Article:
\[ z^2 = x^2 + 2 + \frac{1}{x^2} \implies x^2 + \frac{1}{x^2} = z^2  2,\]\[ z^3 = x^3 + 3x + \frac{3}{x} + \frac{1}{x^3} \implies x^3 + \frac{1}{x^3} = z^33z\]\[ \vdots \]\[ z^m = x^m + \ldots + \frac{1}{x^m}. \] 
The original equation can now be rewritten in terms of \( z \) to get a new polynomial equation of degree \( m \), which is half the original degree:
\[ b_0z^m + b_1z^{m1} + \ldots + b_{m1}z + b_m = 0, \]with each \( b_i \) being a combination of the original coefficients \( a_i \).

Solve this new polynomial equation for \( z \) using an appropriate method.

Once the values for \( z \) are found, use them to construct quadratic equations to solve for \( x \) since \( z = x + \frac{1}{x} \) implies \( x^2  zx + 1 = 0 \).
Example
Solve:
Solution:
We first notice the symmetry in the coefficients, indicating that it is indeed a Type I equation. The next steps involve transforming the equation and solving it:

Divide the entire equation by \( x^2 \):
\[ 6x^2  35x + 62  \frac{35}{x} + \frac{6}{x^2} = 0. \] 
Regroup terms to form symmetric pairs around \( x^2 \) and \( x^{2} \):
\[ 6\left(x^2 + \frac{1}{x^2}\right)  35\left(x + \frac{1}{x}\right) + 62 = 0. \] 
Let \( z = x + \frac{1}{x} \), hence \( z^2 = x^2 + 2 + \frac{1}{x^2} \), and \( x^2 + \frac{1}{x^2} = z^2  2 \).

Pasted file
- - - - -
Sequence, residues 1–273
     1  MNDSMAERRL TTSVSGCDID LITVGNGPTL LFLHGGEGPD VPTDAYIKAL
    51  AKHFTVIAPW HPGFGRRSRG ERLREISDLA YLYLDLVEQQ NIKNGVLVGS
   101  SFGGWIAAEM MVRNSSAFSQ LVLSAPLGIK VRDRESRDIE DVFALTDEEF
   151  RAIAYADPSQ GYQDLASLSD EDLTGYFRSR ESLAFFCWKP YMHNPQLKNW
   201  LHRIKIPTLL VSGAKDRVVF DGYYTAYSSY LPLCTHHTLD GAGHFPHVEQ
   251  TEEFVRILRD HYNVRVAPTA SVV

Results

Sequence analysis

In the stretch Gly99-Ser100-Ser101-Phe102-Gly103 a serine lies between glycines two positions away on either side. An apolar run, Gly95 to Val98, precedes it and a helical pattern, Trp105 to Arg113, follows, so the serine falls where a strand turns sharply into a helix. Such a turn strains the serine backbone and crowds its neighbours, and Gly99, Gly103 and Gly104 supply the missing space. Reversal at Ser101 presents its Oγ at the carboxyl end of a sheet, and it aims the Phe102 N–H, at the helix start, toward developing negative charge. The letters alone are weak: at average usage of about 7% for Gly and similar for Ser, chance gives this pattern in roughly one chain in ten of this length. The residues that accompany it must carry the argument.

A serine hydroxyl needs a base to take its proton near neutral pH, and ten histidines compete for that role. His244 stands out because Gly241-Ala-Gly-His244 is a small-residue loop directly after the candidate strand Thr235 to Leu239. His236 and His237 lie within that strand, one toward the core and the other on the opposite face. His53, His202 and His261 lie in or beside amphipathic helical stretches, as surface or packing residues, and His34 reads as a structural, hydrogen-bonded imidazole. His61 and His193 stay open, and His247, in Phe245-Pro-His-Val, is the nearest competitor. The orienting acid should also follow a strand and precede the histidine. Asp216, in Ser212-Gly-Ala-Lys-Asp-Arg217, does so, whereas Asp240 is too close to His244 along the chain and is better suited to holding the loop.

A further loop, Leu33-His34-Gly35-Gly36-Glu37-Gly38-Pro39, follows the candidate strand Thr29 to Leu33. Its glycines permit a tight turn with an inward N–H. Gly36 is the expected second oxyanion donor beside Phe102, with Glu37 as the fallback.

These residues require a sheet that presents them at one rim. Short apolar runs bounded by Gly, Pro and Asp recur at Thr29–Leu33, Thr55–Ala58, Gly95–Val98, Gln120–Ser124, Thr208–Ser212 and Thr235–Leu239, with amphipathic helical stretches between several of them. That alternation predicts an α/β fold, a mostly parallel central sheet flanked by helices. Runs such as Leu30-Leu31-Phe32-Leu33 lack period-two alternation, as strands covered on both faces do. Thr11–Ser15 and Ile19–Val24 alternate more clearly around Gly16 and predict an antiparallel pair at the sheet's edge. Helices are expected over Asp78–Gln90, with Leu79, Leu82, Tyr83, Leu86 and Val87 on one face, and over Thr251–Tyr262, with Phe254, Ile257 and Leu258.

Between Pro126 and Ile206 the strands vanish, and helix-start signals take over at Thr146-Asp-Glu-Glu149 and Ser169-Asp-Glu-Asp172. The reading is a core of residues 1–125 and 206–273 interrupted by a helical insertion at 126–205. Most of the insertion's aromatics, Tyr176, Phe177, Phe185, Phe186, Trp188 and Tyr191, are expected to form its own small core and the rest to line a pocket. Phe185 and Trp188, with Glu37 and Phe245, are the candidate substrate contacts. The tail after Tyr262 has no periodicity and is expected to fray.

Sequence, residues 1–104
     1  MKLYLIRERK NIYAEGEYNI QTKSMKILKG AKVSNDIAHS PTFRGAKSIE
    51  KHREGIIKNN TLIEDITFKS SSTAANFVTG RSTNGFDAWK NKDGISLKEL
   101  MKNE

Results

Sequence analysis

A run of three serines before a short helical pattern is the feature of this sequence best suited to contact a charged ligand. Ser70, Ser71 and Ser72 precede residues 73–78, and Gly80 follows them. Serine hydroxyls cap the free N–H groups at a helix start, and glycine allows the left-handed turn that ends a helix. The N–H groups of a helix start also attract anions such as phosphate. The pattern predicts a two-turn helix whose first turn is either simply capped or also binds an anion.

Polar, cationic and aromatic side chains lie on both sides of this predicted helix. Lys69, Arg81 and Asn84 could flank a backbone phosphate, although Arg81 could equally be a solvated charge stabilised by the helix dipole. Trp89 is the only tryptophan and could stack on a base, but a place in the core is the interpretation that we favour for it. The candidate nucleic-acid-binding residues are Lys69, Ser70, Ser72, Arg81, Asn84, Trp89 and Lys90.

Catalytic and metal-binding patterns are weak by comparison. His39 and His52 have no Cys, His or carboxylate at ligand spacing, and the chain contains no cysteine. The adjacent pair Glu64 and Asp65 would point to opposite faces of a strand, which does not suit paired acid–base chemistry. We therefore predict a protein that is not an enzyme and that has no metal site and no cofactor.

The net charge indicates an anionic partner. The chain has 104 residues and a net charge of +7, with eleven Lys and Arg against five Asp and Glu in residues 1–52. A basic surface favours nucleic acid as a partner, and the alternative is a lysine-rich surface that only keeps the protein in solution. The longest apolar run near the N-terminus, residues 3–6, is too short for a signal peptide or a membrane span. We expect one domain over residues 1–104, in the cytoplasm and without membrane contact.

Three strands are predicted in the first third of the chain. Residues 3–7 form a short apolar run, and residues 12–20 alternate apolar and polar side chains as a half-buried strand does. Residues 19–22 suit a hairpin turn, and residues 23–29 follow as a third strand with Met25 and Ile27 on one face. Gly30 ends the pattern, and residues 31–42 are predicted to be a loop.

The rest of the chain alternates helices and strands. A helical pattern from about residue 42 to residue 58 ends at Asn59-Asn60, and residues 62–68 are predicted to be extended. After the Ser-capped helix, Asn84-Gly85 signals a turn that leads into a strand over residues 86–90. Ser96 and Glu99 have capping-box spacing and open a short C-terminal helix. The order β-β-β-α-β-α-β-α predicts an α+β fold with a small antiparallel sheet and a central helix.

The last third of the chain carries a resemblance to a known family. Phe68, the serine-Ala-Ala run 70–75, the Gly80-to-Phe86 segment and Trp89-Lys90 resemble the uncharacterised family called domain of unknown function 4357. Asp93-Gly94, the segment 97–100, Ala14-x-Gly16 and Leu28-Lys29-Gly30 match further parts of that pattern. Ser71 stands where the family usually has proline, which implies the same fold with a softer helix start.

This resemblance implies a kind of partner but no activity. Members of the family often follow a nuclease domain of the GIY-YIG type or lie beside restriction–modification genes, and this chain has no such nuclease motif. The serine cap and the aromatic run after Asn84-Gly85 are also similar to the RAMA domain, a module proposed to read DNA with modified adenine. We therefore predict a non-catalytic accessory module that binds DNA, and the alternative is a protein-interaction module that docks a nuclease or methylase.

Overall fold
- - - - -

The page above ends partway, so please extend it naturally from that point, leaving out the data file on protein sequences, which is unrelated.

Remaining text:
Substitute \( z \) into the equation:
\[ 6(z^2  2)  35z + 62 = 0, \]\[ 6z^2  35z + 50 = 0. \] 
This is now a quadratic equation in \( z \). Solve for \( z \):
Let's solve \( 6z^2  35z + 50 = 0 \) using the quadratic formula:
\[ z = \frac{(35) \pm \sqrt{(35)^2  4 \cdot 6 \cdot 50}}{2 \cdot 6}. \]This yields two possible solutions for \( z \):
\[ z_1 = \frac{35 + 5}{12} = \frac{40}{12} = \frac{10}{3} \]\[ z_2 = \frac{35  5}{12} = \frac{30}{12} = \frac{5}{2} \]
Thus, the solutions for \( z \) are \( z_1 = \frac{10}{3} \) and \( z_2 = \frac{5}{2} \).
Having found \( z \) values \( \frac{10}{3} \) and \( \frac{5}{2} \), we can now find \( x \) by solving the quadratic equations derived from the substitution \( z = x + \frac{1}{x} \). This gives us two quadratic equations to solve for \( x \):